-- Phil Allin - There are mountain climbers and people who talk about climbing mountains. The climbers have "selfies" at the summit!

View pintodeluxe's profile

pintodeluxe

5986 posts in 3322 days


#6 posted 01-15-2019 08:08 PM

I’ll bet those are screws with tapered plugs to cover the hole.

I would be tempted to build it that way too. My reasoning is this… mortises are going to be difficult to cut on those angled legs. However, with a handheld router and edge guide it could be done.

-- Willie, Washington "If You Choose Not To Decide, You Still Have Made a Choice" - Rush

View BlueRidgeDog's profile

BlueRidgeDog

499 posts in 288 days


#7 posted 01-15-2019 08:50 PM

You are not using all the long grain to long grain glue up area you could get out of the joint. I think if you made the tenon taller, near stub level, you would get a stronger joint…that and four pegs and you would be good to go.

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Aj2

2488 posts in 2307 days


#8 posted 01-15-2019 08:54 PM

I agree with Pinto those are plugs covering screws.

-- Aj

View CrankAddict's profile

CrankAddict

58 posts in 311 days


#9 posted 01-15-2019 09:58 PM

Thank you to everyone for the helpful feedback. Based on what I think I’m hearing, I have modified the tenons to extend out further, to be full height, and to have pins. Is this roughly what all of you were describing?

View BlueRidgeDog's profile

BlueRidgeDog

499 posts in 288 days


#10 posted 01-15-2019 09:59 PM



Thank you to everyone for the helpful feedback. Based on what I think I m hearing, I have modified the tenons to extend out further, to be full height, and to have pins. Is this roughly what all of you were describing?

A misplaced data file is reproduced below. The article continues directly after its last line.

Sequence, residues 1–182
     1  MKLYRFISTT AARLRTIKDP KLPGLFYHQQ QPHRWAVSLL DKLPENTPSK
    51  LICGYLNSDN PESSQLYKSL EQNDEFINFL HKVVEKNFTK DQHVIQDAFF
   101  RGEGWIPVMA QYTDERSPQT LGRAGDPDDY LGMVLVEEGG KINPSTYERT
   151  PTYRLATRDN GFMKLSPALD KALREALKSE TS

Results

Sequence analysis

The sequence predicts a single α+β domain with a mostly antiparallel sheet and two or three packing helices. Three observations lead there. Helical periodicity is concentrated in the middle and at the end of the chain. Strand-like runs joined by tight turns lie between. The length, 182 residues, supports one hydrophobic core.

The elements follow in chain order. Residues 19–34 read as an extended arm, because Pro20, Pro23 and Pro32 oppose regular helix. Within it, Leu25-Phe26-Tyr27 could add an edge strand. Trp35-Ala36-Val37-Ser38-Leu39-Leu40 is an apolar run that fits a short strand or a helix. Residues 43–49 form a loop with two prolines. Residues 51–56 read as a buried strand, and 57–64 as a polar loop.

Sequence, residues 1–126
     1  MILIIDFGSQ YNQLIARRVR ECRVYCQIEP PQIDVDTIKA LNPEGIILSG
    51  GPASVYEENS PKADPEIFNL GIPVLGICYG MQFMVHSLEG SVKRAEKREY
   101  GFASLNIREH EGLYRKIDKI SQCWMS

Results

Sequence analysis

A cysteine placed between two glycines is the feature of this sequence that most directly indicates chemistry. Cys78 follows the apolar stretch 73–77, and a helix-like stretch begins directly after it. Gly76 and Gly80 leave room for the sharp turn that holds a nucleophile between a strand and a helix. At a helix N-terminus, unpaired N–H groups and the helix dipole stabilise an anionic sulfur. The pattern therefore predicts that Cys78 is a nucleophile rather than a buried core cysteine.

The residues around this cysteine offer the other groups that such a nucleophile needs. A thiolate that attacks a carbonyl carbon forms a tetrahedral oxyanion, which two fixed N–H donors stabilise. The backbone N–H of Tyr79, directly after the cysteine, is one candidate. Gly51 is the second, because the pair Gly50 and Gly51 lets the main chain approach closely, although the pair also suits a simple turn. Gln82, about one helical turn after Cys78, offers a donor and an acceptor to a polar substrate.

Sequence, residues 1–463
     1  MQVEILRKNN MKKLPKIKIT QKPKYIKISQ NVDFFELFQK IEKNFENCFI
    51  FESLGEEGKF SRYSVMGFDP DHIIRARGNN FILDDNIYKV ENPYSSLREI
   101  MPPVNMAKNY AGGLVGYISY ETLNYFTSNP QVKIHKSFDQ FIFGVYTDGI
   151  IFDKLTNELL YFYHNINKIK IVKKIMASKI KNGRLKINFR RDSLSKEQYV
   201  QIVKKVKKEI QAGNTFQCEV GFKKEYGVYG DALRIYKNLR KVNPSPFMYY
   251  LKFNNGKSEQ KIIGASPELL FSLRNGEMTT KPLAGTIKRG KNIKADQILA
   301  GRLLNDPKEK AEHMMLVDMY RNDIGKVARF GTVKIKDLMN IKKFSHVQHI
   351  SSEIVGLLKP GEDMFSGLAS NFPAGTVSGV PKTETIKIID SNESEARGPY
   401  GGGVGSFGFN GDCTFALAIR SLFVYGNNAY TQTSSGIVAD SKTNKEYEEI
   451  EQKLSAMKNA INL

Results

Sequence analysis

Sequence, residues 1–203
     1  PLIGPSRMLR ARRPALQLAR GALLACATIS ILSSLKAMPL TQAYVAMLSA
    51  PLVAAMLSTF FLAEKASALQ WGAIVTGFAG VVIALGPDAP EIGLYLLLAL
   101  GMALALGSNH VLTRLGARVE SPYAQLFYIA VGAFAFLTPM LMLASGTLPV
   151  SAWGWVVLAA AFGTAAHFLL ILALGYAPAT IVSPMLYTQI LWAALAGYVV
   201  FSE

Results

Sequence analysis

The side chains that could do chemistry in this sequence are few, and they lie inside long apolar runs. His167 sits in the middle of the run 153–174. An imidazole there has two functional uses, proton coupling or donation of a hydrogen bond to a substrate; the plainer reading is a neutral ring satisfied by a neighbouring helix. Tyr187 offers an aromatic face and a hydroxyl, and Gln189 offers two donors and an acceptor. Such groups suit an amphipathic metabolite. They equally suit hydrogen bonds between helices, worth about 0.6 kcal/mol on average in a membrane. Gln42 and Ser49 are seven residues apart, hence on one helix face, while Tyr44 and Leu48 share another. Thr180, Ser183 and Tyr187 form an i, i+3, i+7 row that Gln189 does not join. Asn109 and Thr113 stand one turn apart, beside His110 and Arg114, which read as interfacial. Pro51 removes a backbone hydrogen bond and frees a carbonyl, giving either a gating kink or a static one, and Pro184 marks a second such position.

- CrankAddict

With a tight joint, that should be solid. IMHO!

View JohnMcClure's profile

JohnMcClure

706 posts in 1150 days


#11 posted 01-15-2019 10:25 PM

The experts here have weighed in and know much better than i do, but I dont understand why each leg is made from 2 pieces. If you have wide enough stock available, the top and bottom leg parts could be one piece, thus stronger.
If you don’t have wide stock, you could glue some up. More waste this way, but less chance of failure?
Either way post it as a project when finished, and if it ever breaks post that too so we all learn!

-- I'd rather be a hammer than a nail

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CrankAddict

58 posts in 311 days


#12 posted 01-15-2019 10:52 PM



The experts here have weighed in and know much better than i do, but I dont understand why each leg is made from 2 pieces. If you have wide enough stock available, the top and bottom leg parts could be one piece, thus stronger.

I’d be curious to hear more about this as well. Somewhere I read that with a 2 part leg you want the grain to run straight in each leg piece for maximum strength, which is what you’d get here. It would also waste less and allow for narrower stock to be used as you said. With legs this long that is a pretty dramatic difference. By my measurements it would require 10.25” wide stock to cut them out of a single piece, but only 3.25” wide stock for the 2-piece version.